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Neil Liversidge: The importance of choosing the right name for your business

Neil LiversidgeProviders looking to re-brand must carefully consider those buying the products and the advisers who have to explain them

I started my working life at Hill Samuel Life Assurance Ltd. As company names go, it was not the most exciting and we were occasionally confused with H Samuel the jeweller, but at least it said who owned us and what our line of business was. The same went for the various mutuals and provident societies around at the time.

Since then, we have seen ever more barmy and obscure names come and go, all no doubt the creations of the bright young things of the advertising industry.

Royal Heritage sounded more like a TV programme on palaces than an insurance company. The company currently known as Phoenix might more appropriately be named Pac-Man given its propensity for gobbling up others. Hartford’s short-lived UK venture is now named Hawthorn (I shan’t venture any puns).

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Now thankfully consigned to history by Royal London, Bright Grey was the classic contradiction in terms. On the general side, More Than is strong competition for any company vying for the title of most ridiculous name.

When I named my own company, I had a few key criteria in mind; one being that I wanted it to sound like we had been around for a long time, even though it was a brand new company.

Our target market is older people with money to invest. Such investors, along with older solicitors and accountants locally, tend to remember the old West Riding of Yorkshire, which existed pre-the 1973 reorganisation of local government.

In retrospect, I realise that a couple of aspects of the name are less than ideal. Starting with a “W” puts us near the bottom of any alphabetical listing and it is a long name to write or say in full.  Generally, though, it has worked very well for us, and our domain name is short enough to minimise mistyping while being unique enough to avoid confusion.

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I do wonder what goes through the heads of those who dream up long and complicated domain names.  I suppose it is one way of minimising your incoming email traffic.

So, what were the marketing people thinking of when they came up with names like Just and LV=? I could happily live with the old Just Retirement but these days when I tell clients I am recommending Just they look at me like I have suddenly lost my train of thought mid-sentence, requiring me to explain it is a daft name for an otherwise perfectly respectable company.

Recommending “Ell-Vee Equals” elicits a similar response along the lines of “Ell-Vee Equals what, Neil?” The old Liverpool Victoria might have sounded like a railway station but at least it had a wealth of history behind it.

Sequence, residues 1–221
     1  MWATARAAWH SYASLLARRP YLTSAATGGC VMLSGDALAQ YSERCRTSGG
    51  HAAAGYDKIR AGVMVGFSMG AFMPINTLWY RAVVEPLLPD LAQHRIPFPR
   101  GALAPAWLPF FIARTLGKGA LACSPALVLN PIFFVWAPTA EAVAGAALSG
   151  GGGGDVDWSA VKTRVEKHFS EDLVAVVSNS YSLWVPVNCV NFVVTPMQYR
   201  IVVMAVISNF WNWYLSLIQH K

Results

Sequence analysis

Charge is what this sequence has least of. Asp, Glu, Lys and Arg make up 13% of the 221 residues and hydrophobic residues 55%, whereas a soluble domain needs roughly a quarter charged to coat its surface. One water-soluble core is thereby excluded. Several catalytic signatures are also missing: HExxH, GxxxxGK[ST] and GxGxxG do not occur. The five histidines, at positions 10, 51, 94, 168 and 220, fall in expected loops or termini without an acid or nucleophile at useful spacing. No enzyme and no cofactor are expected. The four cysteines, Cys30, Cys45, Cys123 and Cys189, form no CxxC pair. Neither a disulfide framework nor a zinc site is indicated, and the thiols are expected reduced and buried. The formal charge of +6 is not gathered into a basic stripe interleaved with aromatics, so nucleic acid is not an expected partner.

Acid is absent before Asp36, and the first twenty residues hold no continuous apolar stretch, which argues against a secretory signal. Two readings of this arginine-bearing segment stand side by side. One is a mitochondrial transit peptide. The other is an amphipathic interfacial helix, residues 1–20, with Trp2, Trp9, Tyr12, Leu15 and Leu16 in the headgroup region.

I am not against change per se and I can absolutely empathise with the feelings of company boards who want to keep their brand fresh and relevant. But it would be good if they could spare a thought for the people who buy their products and the advisers who have to explain and sell them. Now I understand why the TV series about advertising executives in the 1960s was called Mad Men.

Neil Liversidge is managing director of West Riding Personal Financial Solutions


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There are 6 comments at the moment, we would love to hear your opinion too.

  1. Very droll, Neil, very droll! I’m a big fan of closed-end funds like investments trusts. How about “Monks”, “British Empire”, “Mid Wynd International” & “Shires Income”. Whilst I know the history of these funds, they sound religious, imperialist, indigestible and something owned by the rural aristocracy, don’t you think?

  2. I like it Neil. And of course all these brands forget the billions invested over the years to create the names, the brands, the reputations and status which goes alongside them. Then they throw that all away in a jiffy. They come-up with names which resonate and mean so much to their customers and stakeholders like ‘Aviva’ (who? What does that mean) by despoiling giants like ‘Norwich Union’ ‘General Accident’ and ‘Commercial Union’. When the two got together I even suggested a new brief name – CoUGAr – and then they had their marketing mascot at the same time. Guess what – paid lots to a spiffing design agency to come up with a bus company’s clone… 🙂

    • Years ago I heard that the British Airports Authority had run a competition to rename the very boringly-named East Midlands Airport. Unfortunately, I heard about it after the competition closed, because I immediately thought of a name which I reckoned was pretty good – Deleino. It’s made up of Derbyshire, Leicestershire and Nottinghamshire, the approximate geographical area it serves and phonetically sounds like ‘Delay? No!’ which can’t be a bad name for any airport. It also sounds like FDR’s middle name. Well, I thought it was good anyway!

  3. ‘So’
    Gets a mention at the start of many people’s comentary.
    B shares of it would be good – So B .

  4. “A rose by any other name would smell as sweet”.

    If it is a good product, with a good service at the right price.

    The earlier part of the above quote – “What’s in a name”.

    The Porchester Group had a certain ring to it, until it went bust.

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